I am supposed to empower and bring hope. I usually don’t stress about big things, but lately you can tell, its overwhelming.  My family was hit with its fourth loss in as many months. This last one was a doosey (sp?) In addition to asking for prayer, I want to share a blog I came across. 

This young lady writes similarly to me and she is able to communicate the hope that I am sure to find soon. She refers to recent violence and her own story of loss. I hope she speaks to you while I am currently speechless. 

People keep dying: A reflection on grief

The other day I was sitting at Farley’s in Oakland and I thought (or said aloud) to myself, “Yo, people keep dying.”

It was a stupid thought. Of course, everyone is dying. At any given millisecond, someone somewhere is exhaling for the last time. People are dying everywhere. And some of them are dying for no reason (it seems). No ailment, no illness, no fathomable cause. These deaths approach as unannounced as car accidents, scattering shards of guilt, resignation and despondent awe at the fleeting mercilessness of mortality. 

There are a few things that happen when someone dies unexpectedly. You begin to reconsider what matters and who doesn’t. You negotiate the must-haves with God, of whose plans you have begun to respectfully scrutinize with increased trepidation. You look at your own life a little differently, weighing the pros and cons of the pros and cons. You decide that the extension on the life you’ve been given is worth more than the things you complain about not having. You desperately attempt to drown out the vivid realism of your own imagined death with positivity, intent on appreciating the things and people you’d previously disregarded. You’re going to live life to the fullest! You’re going to seize the day! And then the platitudes die too, and you’re left with more open-ended questions than unbridled enthusiasm. 

There are deaths that hit hard with a piercing and direct pain. The family members, best friends, neighbors, co-workers. The inability to hear their voices on the other end of a call you should have made more frequently when they were alive suffocates us. We try and fail to accept their departures in an infinite loop of desperate resistance. Then there are those that hit tangentially, never really reaching your emotional core, but occurring close enough to feel something, like a seismic wave. 

When I was 23 years old, Courtney died. We were close friends in middle school, but went our separate ways after I joined the cheerleading squad in high school. I still don’t know why we became distant, but I’ll be mad at myself forever because it was probably my fault. I hadn’t spoken to Courtney in years when she sent me a message on Facebook asking about my grad school program. I was living in D.C. and working at a consulting firm. Courtney was living in California and working as a social justice fellow. We went back and forth via Facebook messages, reconnecting and making plans to catch up over the phone to talk about public policy. She sent me her number, and I was supposed to call her.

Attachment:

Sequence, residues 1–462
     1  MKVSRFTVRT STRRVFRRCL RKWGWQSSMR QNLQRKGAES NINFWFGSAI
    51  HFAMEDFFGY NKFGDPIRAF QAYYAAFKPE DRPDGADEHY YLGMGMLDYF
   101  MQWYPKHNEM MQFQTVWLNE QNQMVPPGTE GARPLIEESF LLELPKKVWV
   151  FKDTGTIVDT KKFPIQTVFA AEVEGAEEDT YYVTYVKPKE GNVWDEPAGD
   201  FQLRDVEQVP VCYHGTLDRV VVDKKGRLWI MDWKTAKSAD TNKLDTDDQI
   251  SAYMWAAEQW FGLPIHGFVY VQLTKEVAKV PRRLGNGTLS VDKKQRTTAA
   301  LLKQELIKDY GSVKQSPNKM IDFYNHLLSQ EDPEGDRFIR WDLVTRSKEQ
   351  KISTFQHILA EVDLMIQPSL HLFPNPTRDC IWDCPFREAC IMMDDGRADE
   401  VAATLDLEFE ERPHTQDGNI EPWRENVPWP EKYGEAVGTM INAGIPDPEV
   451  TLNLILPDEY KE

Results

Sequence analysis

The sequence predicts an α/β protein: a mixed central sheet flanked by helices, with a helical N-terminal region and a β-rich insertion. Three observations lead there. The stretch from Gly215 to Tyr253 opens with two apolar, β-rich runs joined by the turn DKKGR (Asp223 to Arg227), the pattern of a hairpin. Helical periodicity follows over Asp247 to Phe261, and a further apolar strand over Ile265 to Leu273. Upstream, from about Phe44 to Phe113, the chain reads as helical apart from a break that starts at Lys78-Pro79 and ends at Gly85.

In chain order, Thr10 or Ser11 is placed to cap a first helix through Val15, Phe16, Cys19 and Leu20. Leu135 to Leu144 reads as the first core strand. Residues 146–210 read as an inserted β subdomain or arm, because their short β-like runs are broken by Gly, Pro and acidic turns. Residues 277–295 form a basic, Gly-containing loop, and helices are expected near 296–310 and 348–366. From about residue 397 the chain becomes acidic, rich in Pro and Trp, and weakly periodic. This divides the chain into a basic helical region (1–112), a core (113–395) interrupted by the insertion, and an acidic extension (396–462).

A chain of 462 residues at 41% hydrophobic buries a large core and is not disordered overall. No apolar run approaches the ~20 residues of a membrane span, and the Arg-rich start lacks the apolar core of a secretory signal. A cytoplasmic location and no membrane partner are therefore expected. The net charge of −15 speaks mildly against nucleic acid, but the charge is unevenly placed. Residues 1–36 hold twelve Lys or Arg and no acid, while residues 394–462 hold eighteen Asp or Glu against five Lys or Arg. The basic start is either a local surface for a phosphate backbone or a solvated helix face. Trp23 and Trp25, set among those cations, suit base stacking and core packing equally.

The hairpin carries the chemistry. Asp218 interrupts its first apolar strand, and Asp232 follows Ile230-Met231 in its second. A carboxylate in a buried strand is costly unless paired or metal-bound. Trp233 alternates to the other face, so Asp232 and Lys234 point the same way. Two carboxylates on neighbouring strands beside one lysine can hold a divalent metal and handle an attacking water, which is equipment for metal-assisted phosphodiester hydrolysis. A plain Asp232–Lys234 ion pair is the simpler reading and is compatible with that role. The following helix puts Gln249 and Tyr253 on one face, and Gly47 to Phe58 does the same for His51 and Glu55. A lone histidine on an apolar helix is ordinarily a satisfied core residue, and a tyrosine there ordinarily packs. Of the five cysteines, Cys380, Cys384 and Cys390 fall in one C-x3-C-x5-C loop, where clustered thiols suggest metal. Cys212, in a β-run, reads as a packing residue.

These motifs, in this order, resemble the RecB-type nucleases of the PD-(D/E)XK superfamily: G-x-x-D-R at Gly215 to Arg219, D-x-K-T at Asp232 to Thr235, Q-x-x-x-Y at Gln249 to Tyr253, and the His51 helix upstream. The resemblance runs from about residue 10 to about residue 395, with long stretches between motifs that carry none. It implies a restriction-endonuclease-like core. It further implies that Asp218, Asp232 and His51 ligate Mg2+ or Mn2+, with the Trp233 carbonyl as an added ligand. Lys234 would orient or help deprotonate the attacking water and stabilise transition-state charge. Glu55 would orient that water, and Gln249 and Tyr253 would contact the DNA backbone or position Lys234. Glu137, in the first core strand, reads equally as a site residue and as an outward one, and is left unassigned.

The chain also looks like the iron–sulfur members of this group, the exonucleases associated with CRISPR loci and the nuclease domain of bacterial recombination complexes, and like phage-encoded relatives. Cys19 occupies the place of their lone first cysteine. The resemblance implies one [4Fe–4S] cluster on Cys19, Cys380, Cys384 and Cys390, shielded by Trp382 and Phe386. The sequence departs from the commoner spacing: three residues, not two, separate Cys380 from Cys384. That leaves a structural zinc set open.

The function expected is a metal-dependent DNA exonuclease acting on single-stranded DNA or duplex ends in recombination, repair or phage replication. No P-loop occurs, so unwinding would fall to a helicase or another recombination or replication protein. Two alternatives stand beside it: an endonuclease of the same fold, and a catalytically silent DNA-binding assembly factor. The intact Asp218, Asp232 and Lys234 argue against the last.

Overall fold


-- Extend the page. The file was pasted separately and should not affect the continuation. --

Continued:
Months later I logged onto Facebook to store her number in my phone, and my timeline was filled with tributes to Courtney. Even with all of the statuses, the pictures and the posts on her profile, her death didn’t register. I didn’t understand. I was sitting alone in my studio apartment eating a plate of spaghetti, and I remember holding the plate with one hand while I googled her name to figure out what everyone was talking about. An article about a traffic accident showed up in my search. She had been walking along the highway to get help for her car, and was struck by six separate vehicles. My plate went against the wall. I never got the sauce stains out. I remember calling my mom, and then my sister, and both conversations were pointless because I couldn’t get anything else out over my hysteria other than, “Courtney died! She was so nice! She was so nice!” I repeated it over and over. “She was the best person. She was the nicest person.” 

Courtney dying made no sense to me then and it makes no sense to me now. She was literally, in the entirety of my lifespan, however long it ends up being, the best person I’ll have ever known. She was the calmest, most sincere, caring, intelligent advocate for more causes than I can remember. She was a woman of faith, and an equal rights activist with a history of just being consistently good. When Courtney died, I didn’t talk to anyone about it. I buried my guilt and confusion beneath brunches and happy hours and vowed to honor her for the rest of my life by writing about her every day. I didn’t know what else to do. I didn’t know that she would be one of a handful of deaths that would happen out of nowhere. My friend Jeremiah. My uncle. My neighbor’s dad. 

So what do you do when people keep dying out of nowhere? You could cry about it. You should cry about it. You could write or travel or exercise, melting the heavy, coagulated empathy that has formed and settled somewhere inside of you. You could mourn privately in the bathroom stalls at work or grieve publicly on the subway. 

You can’t ignore it. You can’t pretend it isn’t happening. It’s already happened. And it’s happening to you. Your body is aging and time is passing and your days and hours are dwindling down to the second. One day, your time will be up, too. This is an important reality to acknowledge. There are consequences to living a life that does not take the inevitability of death into account. How you live your life is a reflection of this acknowledgment.